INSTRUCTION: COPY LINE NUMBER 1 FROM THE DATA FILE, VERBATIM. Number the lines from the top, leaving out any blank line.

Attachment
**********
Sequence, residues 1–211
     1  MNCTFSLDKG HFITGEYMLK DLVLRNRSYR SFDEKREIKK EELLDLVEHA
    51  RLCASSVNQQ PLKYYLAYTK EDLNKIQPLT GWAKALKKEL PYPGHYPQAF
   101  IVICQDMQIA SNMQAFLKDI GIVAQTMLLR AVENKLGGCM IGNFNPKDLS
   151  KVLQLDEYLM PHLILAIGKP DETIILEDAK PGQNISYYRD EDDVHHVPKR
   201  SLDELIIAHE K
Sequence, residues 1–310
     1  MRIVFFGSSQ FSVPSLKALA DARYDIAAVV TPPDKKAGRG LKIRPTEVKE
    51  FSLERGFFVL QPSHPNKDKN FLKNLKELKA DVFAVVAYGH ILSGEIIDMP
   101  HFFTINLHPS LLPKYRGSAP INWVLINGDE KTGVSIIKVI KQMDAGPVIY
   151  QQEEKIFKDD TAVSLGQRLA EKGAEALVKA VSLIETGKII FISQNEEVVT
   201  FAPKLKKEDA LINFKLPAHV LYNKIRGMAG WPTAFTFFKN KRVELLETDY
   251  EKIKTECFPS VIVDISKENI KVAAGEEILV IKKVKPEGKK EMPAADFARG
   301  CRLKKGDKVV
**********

Sequence, residues 1–211